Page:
5. 5. memorandum is current as of August 2008. However, users should review the most current version of cited code sections and other cited references. Introduction Effective January 1, 2008, and enforced starting November 1, 2008, FACTA will require all organizations subject to the legislation to develop and implement a written “Identify Theft Prevention Program” to detect, prevent, and mitigate identity theft in connection with the opening of certain new and existing financial accounts. These regulations, known as the Red Flag Rules, require all creditor companies, which may include physician practices, to be compliant by November 1, 2008, and are subject to fines, penalties, and possible class action lawsuits if any customer or patient data is stolen. Who must comply with the rules? Any financial institution or creditor must comply. Creditor means any person who regularly extends, renews, or continues credit; any person who regularly arranges for the extension, renewal, or continuation of credit; or any assignee of an original creditor who participates in the decision to extend credit. Under this definition, any hospital or physician who extends credit must cover all new accounts where a relationship exists and all existing accounts where the account has a reasonably foreseeable risk of identify theft. Given the variety of health insurance products on the market, especially products that impose liability for payment on patients such as health savings accounts, the OSMA expects that many physicians are extending credit on patient accounts and therefore will be subject to the Red Flag Rules. What does FACTA require? IDRU – identify, detect, respond, and update The Red Flag Rule requires practices to develop, implement, and maintain an identity theft prevention program. To comply with these rules, practices that are subject to the regulation must have reasonable policies and procedures to: (1) Identify and incorporate red flags for covered accounts, (2) Detect red flags that are included in the program, (3) Respond to those red flags appropriately, and (4) Update the program periodically to reflect the risk to the customer or to the practice from identity theft. (1) Identify your red flags: each practice must compile a list of red flags that is relevant to their specific group. This list should be non-exhaustive and must be updated frequently to keep up with new identify theft mechanisms. Some examples of items to be included are : Alerts, notifications, or other warnings received from consumer reporting agencies or service providers, such as fraud detection services; presentation of suspicious documents; suspicious personal identifying information; unusual use of, or suspicious activity related to the covered account; and notice from customers, victims of identity theft, law
  6. 6. enforcement authorities, or other persons regarding possible identity theft in connection with covered accounts held by the creditor practice. 2) Detect red flags: each practice must describe how they will detect each red flag in every circumstance where it may occur. Ways of detecting identity theft may include: using updated techniques to identify the person initially; using updated techniques to authenticate the individual receiving the information; monitoring the activity of accounts; and using updated techniques to tract any change in addresses for the individuals. 3) Respond to the red flags: If a red flag has come up, the practice must respond with the appropriate remedies depending on the degree of risk posed. The regulation says that the degree of risk must be measured by the type of red flags along with certain aggravating factors, including: if the organization has experienced a breach of security that resulted in the unauthorized access or loss of personal data of customers, and if the organization becomes aware that a customer has provided information related to an account to someone who is fraudulently claiming to represent the creditor. Depending on the degree of risk, the regulation gives examples of appropriate responses, including: monitoring the specific accounts contacting the customer, changing passwords, re-opening an account with a new number, closing an existing account, notifying law enforcement, and determining if no response is warranted. 4) Updating the red flat program: each practice is required to have in place policies and procedures to ensure the program is updated periodically to reflect changes in risks to customers and to the safety and soundness of the physician practice or creditor from identity theft. This includes a written document describing the updating procedures that indicate when and how the updating will occur. Potential Liability? If a practice extends credit and does not come into compliance with FACTA by November 1, 2008, they may subject themselves to fines, penalties, or potential class action lawsuit. To avoid liability, hospitals and physician practices should adopt a plan, name an individual specifically responsible for implementation of the plan, and require the individual to report to the board or owners once a year regarding the effectiveness of the program, any significant threats, and any recommendations for changes to the program. Additional Information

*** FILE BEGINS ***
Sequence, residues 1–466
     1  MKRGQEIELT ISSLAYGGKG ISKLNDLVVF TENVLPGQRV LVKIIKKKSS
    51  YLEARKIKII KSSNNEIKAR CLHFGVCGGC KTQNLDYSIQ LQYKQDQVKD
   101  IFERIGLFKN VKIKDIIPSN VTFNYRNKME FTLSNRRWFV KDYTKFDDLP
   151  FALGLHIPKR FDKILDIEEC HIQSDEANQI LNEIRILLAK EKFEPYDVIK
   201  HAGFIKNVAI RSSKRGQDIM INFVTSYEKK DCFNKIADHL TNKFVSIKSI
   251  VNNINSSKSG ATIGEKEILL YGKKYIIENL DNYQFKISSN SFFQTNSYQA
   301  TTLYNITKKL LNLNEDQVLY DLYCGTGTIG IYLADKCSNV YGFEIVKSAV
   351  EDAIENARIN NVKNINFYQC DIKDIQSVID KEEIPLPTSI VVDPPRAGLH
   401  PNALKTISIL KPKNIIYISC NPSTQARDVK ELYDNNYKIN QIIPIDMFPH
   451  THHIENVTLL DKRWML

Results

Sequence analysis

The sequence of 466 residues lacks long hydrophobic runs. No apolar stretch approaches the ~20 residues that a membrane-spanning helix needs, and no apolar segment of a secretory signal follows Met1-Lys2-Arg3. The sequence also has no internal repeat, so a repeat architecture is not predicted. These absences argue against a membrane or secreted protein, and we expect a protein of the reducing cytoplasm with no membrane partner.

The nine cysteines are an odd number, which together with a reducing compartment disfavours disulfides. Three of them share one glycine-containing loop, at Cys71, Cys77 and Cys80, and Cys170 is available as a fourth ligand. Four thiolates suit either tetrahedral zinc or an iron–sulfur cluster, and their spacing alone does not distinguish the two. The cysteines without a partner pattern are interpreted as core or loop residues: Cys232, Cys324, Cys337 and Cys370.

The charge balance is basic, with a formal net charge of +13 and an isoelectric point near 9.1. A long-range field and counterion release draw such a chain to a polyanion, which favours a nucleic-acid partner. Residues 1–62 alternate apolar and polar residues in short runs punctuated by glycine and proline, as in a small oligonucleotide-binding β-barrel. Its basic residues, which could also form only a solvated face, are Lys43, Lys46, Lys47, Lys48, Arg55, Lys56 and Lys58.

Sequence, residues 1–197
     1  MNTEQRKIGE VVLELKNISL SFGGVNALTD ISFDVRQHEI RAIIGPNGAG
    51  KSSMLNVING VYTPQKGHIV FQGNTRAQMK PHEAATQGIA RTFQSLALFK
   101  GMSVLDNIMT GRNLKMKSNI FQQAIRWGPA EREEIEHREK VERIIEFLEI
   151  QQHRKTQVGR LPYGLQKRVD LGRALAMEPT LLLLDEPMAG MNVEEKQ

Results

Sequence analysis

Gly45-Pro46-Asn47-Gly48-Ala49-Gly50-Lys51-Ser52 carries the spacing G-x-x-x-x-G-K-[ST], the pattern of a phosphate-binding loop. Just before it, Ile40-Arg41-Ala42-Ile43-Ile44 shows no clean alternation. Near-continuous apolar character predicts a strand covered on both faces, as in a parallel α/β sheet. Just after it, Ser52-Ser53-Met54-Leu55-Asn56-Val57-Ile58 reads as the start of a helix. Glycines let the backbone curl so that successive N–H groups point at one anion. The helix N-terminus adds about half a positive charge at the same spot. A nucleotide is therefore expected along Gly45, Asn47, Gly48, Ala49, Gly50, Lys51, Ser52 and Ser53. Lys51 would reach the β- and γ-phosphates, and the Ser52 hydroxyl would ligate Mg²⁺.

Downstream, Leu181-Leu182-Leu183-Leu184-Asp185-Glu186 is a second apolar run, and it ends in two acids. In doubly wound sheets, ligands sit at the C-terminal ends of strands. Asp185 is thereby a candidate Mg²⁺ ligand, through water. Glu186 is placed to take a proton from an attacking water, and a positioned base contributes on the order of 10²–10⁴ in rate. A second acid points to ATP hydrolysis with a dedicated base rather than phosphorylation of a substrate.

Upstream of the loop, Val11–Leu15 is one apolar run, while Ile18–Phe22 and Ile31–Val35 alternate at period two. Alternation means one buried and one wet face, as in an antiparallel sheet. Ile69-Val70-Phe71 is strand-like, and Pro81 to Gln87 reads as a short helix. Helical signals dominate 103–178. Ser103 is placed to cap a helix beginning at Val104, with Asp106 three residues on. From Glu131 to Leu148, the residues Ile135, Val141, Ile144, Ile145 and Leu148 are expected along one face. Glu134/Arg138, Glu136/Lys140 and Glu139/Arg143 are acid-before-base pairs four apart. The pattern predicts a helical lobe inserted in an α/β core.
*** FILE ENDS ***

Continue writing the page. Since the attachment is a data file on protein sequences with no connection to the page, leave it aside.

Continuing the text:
7. 7. Practices can find additional information about FACTA at the Federal Trace Commission’s Website www.ftc.gov (search on FACTA). Related information on protecting your practice and patients from medical identify theft can be found at the Website of the American Health Information Management Association www.ahima.org. Under Practice Briefs see, AHIMA e-HIM Work Group on Medical Identity Theft. “Mitigating Medical Identity Theft.” Journal of AHIMA 79, no. 7 (July 2008): 63-69. AAD/A MODEL STATE AWARD The Ohio Dermatological Association was once again a recipient of the AAD/A 2007 Model State Award. This achievement is a result of completing a lengthy application form and meeting the high standards set by the AAD/A for a state society. We were one of three states to receive this accolade, which reflects the 2007 leadership of President Dr. Craig Burkhart, President-elect Dr. Joe Hazel, Immediate Past President Dr. Samia Borchers, and the 2007 Officers, Board of Trustees, and Committee Chairs. Congratulations to us!!

×